In an interview on Japan's PC Watch, Kutaragi once again pushed the PS3 as a computer, not a games console.
"Speaking about the PS3, we never said we will release a game console," he said. "It is radically different from the previous PlayStation. It is clearly a computer. Indeed, with a game console, you need to take out any unnecessary elements inside the console in order to decrease its cost. ... This will of course apply to the PS3 as well."
He continued, saying that making a platform highly configurable overrides issues of cost, and even implied that the PS3 will be made to keep up with new PC technology. "However, the PS3 is a computer," Kutaragi said. "Lowering costs is important but more important is its capacity to evolve. I think the HDD will gain in capacity. If a new technology gets into mainstream PCs, the PS3 will have to adopt it as well. Maybe the Blu-ray drive will become writable. Well, maybe not at this point."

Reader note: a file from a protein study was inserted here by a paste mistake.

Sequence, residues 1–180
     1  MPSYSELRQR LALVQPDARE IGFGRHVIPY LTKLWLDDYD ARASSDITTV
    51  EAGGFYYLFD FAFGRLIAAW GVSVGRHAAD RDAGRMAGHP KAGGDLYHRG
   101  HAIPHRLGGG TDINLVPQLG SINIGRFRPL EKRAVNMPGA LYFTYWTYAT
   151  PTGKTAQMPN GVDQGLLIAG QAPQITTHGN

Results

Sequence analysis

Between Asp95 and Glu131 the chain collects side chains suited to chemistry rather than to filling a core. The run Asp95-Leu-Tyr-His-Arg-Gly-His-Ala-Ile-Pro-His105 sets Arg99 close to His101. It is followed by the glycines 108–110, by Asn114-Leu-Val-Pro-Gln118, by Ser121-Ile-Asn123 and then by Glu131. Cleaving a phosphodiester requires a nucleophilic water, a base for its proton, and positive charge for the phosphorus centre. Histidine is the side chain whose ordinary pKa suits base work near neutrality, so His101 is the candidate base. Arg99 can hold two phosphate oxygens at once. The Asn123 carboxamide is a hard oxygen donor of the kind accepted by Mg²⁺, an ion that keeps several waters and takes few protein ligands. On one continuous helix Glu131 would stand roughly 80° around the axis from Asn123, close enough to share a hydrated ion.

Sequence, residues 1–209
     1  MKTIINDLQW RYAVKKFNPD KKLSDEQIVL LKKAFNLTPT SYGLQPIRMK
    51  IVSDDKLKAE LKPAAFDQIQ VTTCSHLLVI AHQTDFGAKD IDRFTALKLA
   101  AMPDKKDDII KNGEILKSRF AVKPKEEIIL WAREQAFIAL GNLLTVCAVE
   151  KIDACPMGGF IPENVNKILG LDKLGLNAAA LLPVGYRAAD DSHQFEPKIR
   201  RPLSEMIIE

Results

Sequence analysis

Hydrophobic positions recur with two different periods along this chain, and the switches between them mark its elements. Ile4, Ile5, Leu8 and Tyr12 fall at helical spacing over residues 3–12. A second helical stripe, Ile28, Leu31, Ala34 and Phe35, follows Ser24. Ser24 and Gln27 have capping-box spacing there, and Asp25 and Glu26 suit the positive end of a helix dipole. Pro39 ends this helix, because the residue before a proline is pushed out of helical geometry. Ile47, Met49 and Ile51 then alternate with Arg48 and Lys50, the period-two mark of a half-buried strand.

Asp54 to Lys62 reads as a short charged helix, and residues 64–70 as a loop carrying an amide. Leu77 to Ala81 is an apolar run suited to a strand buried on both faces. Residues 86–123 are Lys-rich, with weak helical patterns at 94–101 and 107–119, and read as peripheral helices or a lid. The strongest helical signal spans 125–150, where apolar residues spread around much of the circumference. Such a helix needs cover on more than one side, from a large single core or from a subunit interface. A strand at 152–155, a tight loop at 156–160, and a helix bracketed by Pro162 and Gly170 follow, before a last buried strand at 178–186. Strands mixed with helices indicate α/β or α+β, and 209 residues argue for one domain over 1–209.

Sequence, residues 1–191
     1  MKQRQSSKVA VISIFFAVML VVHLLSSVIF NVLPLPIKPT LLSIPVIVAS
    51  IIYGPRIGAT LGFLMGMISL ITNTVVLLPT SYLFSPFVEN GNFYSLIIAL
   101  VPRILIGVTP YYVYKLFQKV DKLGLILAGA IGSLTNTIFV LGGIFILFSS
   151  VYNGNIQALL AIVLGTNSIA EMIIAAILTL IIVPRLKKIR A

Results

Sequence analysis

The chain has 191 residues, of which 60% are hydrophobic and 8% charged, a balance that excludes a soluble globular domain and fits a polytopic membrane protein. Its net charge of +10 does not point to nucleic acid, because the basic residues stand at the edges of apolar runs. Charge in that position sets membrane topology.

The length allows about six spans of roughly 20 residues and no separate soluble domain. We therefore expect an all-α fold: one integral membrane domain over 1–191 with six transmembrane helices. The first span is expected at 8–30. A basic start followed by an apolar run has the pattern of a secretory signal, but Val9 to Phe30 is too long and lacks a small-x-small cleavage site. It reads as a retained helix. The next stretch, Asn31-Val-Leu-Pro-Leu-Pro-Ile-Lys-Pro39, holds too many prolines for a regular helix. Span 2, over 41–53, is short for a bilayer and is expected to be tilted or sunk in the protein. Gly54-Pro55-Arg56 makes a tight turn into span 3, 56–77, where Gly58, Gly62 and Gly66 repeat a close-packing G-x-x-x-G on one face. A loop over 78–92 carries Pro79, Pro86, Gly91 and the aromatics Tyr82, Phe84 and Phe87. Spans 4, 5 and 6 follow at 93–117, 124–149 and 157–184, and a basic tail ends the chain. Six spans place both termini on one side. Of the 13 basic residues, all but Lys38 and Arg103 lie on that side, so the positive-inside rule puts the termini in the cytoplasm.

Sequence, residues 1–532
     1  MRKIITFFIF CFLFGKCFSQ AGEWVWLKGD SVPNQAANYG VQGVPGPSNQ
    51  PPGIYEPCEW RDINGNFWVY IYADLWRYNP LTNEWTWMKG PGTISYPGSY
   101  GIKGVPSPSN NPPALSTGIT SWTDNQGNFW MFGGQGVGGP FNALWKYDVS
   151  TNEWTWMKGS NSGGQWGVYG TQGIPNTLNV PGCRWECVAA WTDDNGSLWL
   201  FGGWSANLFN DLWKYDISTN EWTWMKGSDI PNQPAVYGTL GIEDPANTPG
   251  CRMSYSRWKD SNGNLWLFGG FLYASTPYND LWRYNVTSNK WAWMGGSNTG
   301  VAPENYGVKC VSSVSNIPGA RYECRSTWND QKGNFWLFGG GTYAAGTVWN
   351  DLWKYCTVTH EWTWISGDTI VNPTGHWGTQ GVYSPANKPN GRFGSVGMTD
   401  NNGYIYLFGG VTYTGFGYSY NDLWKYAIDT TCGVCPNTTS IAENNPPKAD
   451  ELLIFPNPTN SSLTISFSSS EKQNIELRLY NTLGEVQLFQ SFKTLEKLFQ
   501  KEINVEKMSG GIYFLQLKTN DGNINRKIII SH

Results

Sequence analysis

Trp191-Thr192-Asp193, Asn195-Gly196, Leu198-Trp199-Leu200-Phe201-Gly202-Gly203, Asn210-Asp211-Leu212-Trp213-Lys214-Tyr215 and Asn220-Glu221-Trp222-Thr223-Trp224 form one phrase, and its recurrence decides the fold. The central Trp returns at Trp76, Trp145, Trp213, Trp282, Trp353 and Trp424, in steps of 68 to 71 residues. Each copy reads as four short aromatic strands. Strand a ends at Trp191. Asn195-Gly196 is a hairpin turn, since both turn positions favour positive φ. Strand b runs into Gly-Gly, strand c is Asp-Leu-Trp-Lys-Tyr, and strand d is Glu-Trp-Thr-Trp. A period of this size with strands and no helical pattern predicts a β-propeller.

Kutaragi went into greater detail about how he feels the PS3 will be a computer. "The HDD is not the only element which gives the PS3 its computer nature. Everything has been planned and designed so it will become a computer. The previous PlayStation had a memory slot as its unique interface. In contrast, the PS3 features PC standard interfaces. Because they are standard, they are open.
"We put up no restrictions. Because it is a computer, it can interact with anything, freely. If someone is familiar with PC building, he or she can upgrade easily PS3's HDD."
At one point in the interview, Kutaragi said that there will eventually be so many options for the PS3, the platforms could theoretically be made build-to-order. He pointed out that this would be a problem for resellers, but added, "as a computer, the PS3 could really be sold via BTO."